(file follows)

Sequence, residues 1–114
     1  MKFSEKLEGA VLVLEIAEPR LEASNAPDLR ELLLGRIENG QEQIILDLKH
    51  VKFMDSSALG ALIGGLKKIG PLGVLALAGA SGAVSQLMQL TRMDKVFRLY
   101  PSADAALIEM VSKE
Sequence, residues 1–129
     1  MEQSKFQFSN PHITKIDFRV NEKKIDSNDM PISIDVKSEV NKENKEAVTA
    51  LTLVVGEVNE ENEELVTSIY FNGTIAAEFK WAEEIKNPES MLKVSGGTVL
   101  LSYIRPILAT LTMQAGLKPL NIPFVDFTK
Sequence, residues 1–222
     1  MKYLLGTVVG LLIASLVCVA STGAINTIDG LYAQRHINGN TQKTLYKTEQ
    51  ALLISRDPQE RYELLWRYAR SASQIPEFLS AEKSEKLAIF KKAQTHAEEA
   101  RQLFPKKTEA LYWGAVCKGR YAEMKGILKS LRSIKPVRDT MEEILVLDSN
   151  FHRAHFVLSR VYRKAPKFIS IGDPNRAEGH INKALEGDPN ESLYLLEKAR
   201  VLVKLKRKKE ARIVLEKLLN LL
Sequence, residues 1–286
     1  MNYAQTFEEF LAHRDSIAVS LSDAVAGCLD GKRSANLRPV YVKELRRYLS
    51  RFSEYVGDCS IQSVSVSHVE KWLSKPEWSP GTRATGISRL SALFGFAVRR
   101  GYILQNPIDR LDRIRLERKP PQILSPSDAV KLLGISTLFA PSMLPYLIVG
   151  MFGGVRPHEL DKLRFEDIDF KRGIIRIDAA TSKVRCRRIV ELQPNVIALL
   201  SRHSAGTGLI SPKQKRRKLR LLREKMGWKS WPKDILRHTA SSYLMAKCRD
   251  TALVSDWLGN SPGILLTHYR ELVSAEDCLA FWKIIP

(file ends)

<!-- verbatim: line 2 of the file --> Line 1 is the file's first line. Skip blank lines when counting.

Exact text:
     1  MKFSEKLEGA VLVLEIAEPR LEASNAPDLR ELLLGRIENG QEQIILDLKH